A sexual assault in a small college city of San Cristobal in Venezuela’s Western state of Tachira has galvanized protests that have spread quickly and now threaten to tear the country apart.
On February 2, students at the University of the Andes in San Cristobal took to the streets over the city’s deteriorating security situation, after a fellow student was sexually assaulted a few nights prior. Police responded harshly, and many students were detained and allegedly abused. Within a few days, more protests popped up at other universities in solidarity.
By February 12 protests spread to 18 cities, including the capital of Caracas, as students and members of Venezuela’s middle class took to the streets to express their frustration with President Nicolas Maduro’s government. Pro-government protesters also joined, and soon reports emerged of widespread violence, including 3 deaths, which many blamed on the pro-government side.
Police responded with force February 24 as barricades were built on streets in cities as part of a social media campaign.
Venezuela’s National Guard, as well as government affiliated irregular militias known as “colectivos” have been accused of exacerbating the violence. Footage of colectivos riding around on motorcycles attacking protests have made the rounds on social media. Protesters, too, have damaged property and fought with police.
Fifteen years after Hugo Chavez was elected and began his Bolivarian revolution, Maduro has attempted to carry on his legacy. A former bus driver, Maduro was elected to the national assembly in 2000 and won a narrow presidential election over Henrique Capriles in April 2013, following Chavez’s death.
Maduro’s government has given protesters ample reasons to take to the streets. Inflation is at 56 percent, and Venezuela suffers from one of the highest murder rates in the world (23-25,000 in a county of 30 million). There have been severe shortages of basic goods, like toilet paper and flour. Newspapers are running out of paper, and despite having what is alleged to be the largest oil reserve in the world, the country is vastly in debt. Infrastructure is rapidly declining, and corruption is rampant.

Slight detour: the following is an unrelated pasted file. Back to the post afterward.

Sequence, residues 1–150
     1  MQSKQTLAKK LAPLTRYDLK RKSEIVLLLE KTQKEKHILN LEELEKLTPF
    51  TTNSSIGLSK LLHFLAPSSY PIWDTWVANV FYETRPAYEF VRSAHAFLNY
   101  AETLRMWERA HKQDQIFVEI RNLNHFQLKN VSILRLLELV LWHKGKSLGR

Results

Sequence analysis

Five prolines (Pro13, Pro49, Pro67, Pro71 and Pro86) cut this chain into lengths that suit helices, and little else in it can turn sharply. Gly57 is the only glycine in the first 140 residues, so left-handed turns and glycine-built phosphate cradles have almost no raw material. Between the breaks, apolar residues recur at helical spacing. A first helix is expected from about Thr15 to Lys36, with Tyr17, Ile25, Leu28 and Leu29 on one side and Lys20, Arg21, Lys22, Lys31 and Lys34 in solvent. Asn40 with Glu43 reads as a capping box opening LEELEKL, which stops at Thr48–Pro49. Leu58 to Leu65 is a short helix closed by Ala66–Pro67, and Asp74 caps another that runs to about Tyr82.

Leopoldo Lopez, the Harvard-educated son of a prominent family and former mayor of a Caracas municipality, has emerged as the main opposition leader after attaching himself to the student led protest movement. He has continuously called for people to take to the streets and demand Maduro’s ouster, a movement coined “La Salida,” or “the exit.”
Maduro has blamed Lopez for the protester deaths, and after a brief role as a fugitive, Lopez turned himself in and awaits trial for charges of sedition. Lopez played a major role in the attempted 2002 coup of Chavez, and has frequently been at odds with the government. Maduro and his supports have labeled him a fascist, and accused him of being an American-backed puppet of Venezuela’s elite. Maduro has also accused the protest movement of being a US financed coup attempt, and expelled three US diplomats shortly after protests broke out.
Also earning Maduro’s wrath is former President of Colombia Alvaro Uribe, who he says is funding paramilitaries to foment violence in the Western state of Tachira.
Maduro’s government has also attempted to censor reporting on the protests. Media repression has been ongoing in Venezuela, where most outlets are already state-controlled. Journalists from CNN had their accreditation revoked, then reinstated shortly after. The Colombian news channel NTN24 was blocked for reporting on the protest. Twitter was also restricted, and the Internet has been shut off in restive areas.
“The censorship is so brutal,” Venezuelan journalist Mariana Atencio told VICE News. “The government really controls the internet platform. It's hard for people to protest.”
Demonstrations have continued through the week, with dueling rallies between opposition and pro-government protesters. Protesters are back in the streets, and the death toll has reportedly risen to 14.